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Messages from Iraq: 15 January 2003
I am back in Jordan, staying once again in Amman. My visa was not extended. No reasons are given. The system is you get the visa to enter Iraq for ten days and then have to get it renewed. This can be for as much as a month or as little as a week. The request comes through whichever Ministry you are associated with. In my case the Foreign Ministry. But I think the actual visas are issued by the Interior Ministry and it is impossible to know why extensions aren't granted. I think it could well be due to the pressure they are under at the present. It is easier for them to deal with groups and I am on my own and also in so far as we are of value to them it is the US citizens with their direct effect on their media which helps most. So I will try to get back again as part of another group of Voices in the Wilderness which is going in on the 21st of this month.
During my stay I was at a number of press conferences. Reporters would ask questions like: "Aren't you just stooges for Government? You are just naive if you think you can do anything. Why don't you let it happen and release the people from this oppressive dictatorship". I have reflected on my stay. You can be totally opposed to dictatorship and yet be in Iraq. Of course you run the risk of being used. We were filmed by the Iraqi media as we were by the Western media. Each can put their own spin on it. But we were 100% there about being anti-war and for a diplomatic solution. We were there courtesy the Foreign Ministry, but we are entirely financed by our own country and not by Iraq. We never got into conversation over their regime. It was not relevant. None of us would have supported it, but because we don't support a particular country's administration does not mean we believe we have the right to force it to change.
Only in a simplistic view of the world where people are either good or evil can that seen to be right. Only where people can say "you are either for us or against us". After all, despite all the terrible things that the US has done and is doing to other countries, would I support Iraq in threatening to attack the US to bring about a regime change? And if the US can get UN support for attacking on the basis of this flimsy evidence, which country will it attack next. When oil runs out in the Middle East, will it turn on other countries? One day New Zealand?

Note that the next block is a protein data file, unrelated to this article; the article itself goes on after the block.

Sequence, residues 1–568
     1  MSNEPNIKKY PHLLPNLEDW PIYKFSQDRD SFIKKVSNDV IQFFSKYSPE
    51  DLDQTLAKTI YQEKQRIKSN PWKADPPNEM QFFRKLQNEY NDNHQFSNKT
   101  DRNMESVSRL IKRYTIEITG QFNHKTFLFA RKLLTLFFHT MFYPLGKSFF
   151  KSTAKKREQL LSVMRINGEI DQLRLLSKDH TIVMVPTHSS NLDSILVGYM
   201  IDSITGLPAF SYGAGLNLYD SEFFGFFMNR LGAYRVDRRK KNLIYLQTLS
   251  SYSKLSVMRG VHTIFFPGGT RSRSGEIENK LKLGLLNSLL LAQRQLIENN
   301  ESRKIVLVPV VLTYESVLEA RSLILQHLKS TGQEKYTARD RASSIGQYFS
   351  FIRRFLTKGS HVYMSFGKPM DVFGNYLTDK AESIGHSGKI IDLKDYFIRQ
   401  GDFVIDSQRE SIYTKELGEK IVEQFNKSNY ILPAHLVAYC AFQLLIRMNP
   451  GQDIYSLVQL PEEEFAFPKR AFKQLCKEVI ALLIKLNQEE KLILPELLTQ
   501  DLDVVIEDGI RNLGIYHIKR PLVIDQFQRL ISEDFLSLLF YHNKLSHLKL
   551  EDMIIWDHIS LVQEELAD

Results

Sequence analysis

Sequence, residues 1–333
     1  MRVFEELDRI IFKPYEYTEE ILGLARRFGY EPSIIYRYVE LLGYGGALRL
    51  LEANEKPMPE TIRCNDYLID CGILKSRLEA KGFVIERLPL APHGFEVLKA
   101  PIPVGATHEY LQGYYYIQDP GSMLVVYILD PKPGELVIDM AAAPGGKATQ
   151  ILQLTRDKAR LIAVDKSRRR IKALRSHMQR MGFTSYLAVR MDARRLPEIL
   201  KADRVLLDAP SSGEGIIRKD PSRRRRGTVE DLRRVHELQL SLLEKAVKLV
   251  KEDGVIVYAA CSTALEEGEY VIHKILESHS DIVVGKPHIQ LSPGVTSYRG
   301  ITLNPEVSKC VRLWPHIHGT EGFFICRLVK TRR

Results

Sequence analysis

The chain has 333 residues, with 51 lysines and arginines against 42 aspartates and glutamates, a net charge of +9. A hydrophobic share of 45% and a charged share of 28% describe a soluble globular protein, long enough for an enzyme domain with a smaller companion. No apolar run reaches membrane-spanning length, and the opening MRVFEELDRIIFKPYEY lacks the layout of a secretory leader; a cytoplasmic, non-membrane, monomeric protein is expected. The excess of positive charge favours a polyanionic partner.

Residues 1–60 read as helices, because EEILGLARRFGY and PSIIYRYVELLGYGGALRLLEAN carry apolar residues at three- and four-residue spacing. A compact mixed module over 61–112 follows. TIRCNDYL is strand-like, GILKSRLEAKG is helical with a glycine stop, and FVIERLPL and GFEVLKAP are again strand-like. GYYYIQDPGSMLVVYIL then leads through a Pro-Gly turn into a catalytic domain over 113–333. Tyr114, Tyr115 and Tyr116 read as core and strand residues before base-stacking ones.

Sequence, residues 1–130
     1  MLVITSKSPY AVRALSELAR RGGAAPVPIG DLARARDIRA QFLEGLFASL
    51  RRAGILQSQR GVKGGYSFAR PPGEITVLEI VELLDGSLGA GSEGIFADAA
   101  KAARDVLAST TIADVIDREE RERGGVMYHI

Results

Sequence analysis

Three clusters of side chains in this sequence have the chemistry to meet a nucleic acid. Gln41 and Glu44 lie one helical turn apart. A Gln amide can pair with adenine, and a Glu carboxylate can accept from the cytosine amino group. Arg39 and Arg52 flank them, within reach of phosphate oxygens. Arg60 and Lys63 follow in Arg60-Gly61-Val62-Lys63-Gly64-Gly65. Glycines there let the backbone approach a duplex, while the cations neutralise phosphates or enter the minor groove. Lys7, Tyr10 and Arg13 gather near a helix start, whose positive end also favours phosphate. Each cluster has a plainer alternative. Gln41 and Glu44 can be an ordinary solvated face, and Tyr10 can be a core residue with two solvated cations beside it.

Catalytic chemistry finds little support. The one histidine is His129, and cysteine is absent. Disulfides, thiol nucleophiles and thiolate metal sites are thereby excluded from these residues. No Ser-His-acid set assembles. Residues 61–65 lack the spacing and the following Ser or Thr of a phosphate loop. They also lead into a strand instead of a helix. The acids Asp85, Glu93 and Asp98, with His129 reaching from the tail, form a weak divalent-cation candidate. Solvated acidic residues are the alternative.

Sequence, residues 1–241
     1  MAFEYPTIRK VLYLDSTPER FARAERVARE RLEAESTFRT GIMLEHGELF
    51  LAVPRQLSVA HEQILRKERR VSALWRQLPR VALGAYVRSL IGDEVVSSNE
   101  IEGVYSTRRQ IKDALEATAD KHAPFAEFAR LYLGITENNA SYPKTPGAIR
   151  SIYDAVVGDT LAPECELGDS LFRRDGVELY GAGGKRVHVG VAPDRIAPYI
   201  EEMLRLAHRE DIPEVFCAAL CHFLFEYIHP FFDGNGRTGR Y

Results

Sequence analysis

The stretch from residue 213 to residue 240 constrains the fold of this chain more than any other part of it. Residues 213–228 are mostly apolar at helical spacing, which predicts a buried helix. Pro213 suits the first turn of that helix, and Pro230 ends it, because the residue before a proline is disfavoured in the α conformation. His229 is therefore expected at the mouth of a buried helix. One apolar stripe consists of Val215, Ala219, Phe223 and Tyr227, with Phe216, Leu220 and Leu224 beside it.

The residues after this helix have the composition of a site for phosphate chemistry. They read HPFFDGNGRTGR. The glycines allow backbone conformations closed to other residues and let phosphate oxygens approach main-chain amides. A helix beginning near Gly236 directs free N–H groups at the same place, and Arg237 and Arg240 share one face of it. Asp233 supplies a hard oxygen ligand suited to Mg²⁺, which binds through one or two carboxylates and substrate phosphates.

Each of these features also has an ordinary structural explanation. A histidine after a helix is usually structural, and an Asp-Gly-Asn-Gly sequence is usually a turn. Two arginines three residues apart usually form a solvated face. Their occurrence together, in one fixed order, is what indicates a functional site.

In reading the numerous articles coming out of the US and UK press over the past weeks, I have been struck by the much better standard of reporting by the latter. There has been much more analysis. There have been some really good pieces in the US press that I have seen, one in the current issue of 'Foreign Policy', but on the whole as an article in 'The Nation' put it: "Bush lies, the press swallows". What is outstanding throughout is that the issues when dealt with in depth either in the US or UK, whether issues around US domestic effects, foreign policy, terrorism, weapons of mass destruction (WMD), inspections, the UN, the threat of Iraq - to the US or locally all - all reach the conclusion that war is inadvisable/unnecessary/wrong ... whereas the proponents of war do the chanting of slogans ... "unless Iraq disarms ... ", "even if the UN inspectors fail to find ... ", "the people of Iraq need to be liberated ... " etc etc. The trouble is that as yet the arguments for diplomacy and against war have not sunk in. The need for oil is clearly very great.
One final thing. One of our group was killed in a car crash. He was from Canada. His body was brought back from Basrah where he died, to Baghdad. It then had to wait two days before Royal Jordanian airways could fly the body to Amman. The reason? The UN sanctions committee had to give consent. And that required representations from the Canadian Government in Ottawa. It just shows the absurdity of the sanctions.
So now I am waiting to see if I can get another visa for Iraq. I am going to travel to Jerusalem and visit parts of the West Bank for the few days before returning here.
With greetings from Jordan, John